Accepting “You can’t do it alone”

The cats have figured out that life is better with others' help.

Earlier this month, I walked outside to find what looked like a four-headed cat sitting on our front porch.  It made me laugh out loud, so of course I took a picture.   The image seemed appropriate in illustrating how a group might work together for a common goal.  Note that the largest cat is not from the same family as the other three, and yet is still contributing to the overall function and warmth of the group.

Just before Christmas, we started interviewing to find an outside helper for Mom. This is a big shift for any family caring for an ill adult, assuming they desire and can afford to pay for help in the first place.  My mom is fiercely independent, having proudly worked our farm and trained 1100 lb horses before multiple system atrophy came into our lives.  Currently, we are living there together, high above the snow line and far away from other people.  So it takes time to accept the fact that we need help.

I've been reflecting on the challenges and benefits of getting good home care arranged, and thought it a good subject for this post.  These are my observations of our situation, but I suspect they are true for others as well.  If you are not in this situation right now, you may know others who are, or may find yourself in the future.  Hopefully, this post can help you understand why it can be so difficult, but is also so important, for caregivers to acknowledge when we need outside help.

First of all, we as caregivers have to accept that we need help, and that it has nothing to do with how strong we are or how much we love the person we care for. There simply comes a point when our loved one’s needs go beyond what we can safely and healthily provide alone.  For those of us who are not used to failure or fear, this is an incredibly hard and frightening thing to admit.  It means we really are not in control, and we usually prefer the illusion that we are.  It can be difficult to get to this acceptance before a crisis hits, but it is absolutely preferable to do so.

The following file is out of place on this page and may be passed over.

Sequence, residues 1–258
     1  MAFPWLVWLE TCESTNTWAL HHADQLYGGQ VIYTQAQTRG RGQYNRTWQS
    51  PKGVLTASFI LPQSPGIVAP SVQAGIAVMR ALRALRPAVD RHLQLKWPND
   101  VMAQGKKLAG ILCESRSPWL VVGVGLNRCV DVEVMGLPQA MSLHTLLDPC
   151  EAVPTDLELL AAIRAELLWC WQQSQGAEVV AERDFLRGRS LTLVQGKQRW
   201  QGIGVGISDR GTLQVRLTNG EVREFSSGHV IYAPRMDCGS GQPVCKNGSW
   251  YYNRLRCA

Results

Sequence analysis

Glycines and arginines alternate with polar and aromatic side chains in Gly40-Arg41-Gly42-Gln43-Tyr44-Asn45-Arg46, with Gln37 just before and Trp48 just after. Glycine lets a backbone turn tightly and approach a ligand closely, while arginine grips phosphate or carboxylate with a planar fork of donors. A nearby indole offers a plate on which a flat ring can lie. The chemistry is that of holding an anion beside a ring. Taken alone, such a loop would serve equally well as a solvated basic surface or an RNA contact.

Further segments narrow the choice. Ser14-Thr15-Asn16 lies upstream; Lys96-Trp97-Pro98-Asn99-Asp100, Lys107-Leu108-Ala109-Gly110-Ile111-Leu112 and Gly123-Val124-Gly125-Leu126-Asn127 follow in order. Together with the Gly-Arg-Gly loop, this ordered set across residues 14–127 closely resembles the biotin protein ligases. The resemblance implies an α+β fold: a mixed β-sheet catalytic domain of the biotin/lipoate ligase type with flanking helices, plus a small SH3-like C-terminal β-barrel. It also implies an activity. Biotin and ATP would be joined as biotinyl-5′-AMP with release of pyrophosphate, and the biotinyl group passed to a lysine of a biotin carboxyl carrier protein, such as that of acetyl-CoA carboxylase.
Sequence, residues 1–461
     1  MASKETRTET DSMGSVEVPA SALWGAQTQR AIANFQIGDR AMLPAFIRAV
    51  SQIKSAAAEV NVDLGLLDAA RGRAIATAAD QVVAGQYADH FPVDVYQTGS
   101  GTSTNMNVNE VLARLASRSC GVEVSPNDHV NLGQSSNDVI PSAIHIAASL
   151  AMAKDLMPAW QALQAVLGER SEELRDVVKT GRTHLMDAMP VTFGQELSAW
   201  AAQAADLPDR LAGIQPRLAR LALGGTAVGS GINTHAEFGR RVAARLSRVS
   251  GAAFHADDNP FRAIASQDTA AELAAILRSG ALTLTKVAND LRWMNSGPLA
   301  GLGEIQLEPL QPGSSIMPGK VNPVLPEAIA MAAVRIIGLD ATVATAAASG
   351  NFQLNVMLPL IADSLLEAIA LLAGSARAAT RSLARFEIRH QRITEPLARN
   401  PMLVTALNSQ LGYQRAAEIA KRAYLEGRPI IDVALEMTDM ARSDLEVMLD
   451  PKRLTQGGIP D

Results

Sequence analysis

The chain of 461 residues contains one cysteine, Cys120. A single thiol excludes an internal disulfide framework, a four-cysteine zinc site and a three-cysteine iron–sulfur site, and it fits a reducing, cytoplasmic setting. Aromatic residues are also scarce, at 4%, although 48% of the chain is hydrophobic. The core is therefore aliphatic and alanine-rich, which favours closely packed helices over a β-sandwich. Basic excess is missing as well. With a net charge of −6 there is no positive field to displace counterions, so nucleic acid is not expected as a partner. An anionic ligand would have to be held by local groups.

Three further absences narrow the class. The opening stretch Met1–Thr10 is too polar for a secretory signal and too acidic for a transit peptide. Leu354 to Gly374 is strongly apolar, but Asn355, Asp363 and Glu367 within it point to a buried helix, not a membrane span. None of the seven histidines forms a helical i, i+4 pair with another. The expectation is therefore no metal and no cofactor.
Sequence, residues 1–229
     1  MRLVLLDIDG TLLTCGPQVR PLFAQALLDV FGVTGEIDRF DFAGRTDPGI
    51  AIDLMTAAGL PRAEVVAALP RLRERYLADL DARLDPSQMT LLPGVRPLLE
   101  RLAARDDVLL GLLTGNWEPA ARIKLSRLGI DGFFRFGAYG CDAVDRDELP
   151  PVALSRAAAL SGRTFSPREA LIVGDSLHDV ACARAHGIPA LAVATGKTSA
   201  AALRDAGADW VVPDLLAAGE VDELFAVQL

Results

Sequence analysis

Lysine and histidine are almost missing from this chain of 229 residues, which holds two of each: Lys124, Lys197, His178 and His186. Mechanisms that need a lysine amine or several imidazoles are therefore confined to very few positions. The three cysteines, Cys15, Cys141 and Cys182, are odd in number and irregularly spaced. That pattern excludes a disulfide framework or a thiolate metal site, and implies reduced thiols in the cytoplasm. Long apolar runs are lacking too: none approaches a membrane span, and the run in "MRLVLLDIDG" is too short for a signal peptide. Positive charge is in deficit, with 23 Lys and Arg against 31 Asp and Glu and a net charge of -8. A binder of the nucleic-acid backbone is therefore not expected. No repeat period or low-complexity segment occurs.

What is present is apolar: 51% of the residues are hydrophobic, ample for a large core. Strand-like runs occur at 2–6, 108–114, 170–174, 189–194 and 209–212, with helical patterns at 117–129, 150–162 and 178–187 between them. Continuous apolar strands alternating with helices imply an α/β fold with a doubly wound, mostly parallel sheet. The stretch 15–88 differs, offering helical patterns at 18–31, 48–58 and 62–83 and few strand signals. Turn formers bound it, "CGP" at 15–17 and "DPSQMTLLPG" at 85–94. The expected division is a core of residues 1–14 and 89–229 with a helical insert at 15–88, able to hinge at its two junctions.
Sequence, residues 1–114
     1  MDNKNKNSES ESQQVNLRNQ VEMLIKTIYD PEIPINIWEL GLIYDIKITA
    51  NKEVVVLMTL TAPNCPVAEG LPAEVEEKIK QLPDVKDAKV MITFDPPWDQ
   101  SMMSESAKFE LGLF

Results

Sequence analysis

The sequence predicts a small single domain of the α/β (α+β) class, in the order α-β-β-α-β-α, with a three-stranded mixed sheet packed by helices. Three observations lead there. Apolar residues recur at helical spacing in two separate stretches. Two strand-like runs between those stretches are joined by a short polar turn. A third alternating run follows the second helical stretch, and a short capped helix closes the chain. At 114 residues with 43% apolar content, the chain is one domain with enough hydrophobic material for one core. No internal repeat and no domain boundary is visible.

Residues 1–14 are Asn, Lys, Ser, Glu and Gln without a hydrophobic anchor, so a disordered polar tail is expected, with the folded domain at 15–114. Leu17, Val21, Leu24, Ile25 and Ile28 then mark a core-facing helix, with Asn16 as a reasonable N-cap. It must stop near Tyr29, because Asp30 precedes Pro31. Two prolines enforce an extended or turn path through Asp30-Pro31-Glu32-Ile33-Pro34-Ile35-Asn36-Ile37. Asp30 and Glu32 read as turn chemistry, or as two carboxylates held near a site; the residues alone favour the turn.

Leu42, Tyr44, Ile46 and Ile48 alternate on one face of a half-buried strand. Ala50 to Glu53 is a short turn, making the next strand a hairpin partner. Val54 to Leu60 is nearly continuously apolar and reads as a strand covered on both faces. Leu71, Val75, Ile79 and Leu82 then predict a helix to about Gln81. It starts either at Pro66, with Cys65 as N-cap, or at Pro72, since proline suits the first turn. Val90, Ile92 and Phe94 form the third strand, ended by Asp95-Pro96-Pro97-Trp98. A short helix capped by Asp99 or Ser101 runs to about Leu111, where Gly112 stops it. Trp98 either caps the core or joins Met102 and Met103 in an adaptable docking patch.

There simply comes a point when our loved one’s needs go beyond what we can safely and healthily provide alone.

We may feel selfish asking for help, especially if it is "just" so that we can maintain our own physical and mental health. Even though I know the importance of getting help, I still find myself wondering sometimes why I should feel like I "need" time to play or travel or rest, when my Mom has so many more basic needs that she can not control.  But it is true what they say: if we do not care for ourselves first, we can not possibly care for others.

When I am well-rested and balanced, I smile more. I am more patient in helping Mom through her day, and I have the energy to go outside and to play with the dog, which makes both of us laugh.  Mom's mood is generally positive, but there are subtle changes in her that reflect changes in my mood.  I know she is happier when I am happy.

Mom and me the day of our Christmas Brunch.  She picked the antlers herself.

Another mental barrier to asking for help is that we worry that new people won’t provide care in the way that we would provide it, and that our family member will not get high quality care as a result.  If we hire through an agency, we also worry about safety and quality of the care provided. But the reality is that with the right fit, Mom or any family member's care will be improved in numerous ways with outside help.  Her caregivers will be happier and healthier, with more energy, patience and creativity. Outside helpers also bring fresh perspectives and ideas that can brighten up a prolonged routine of care.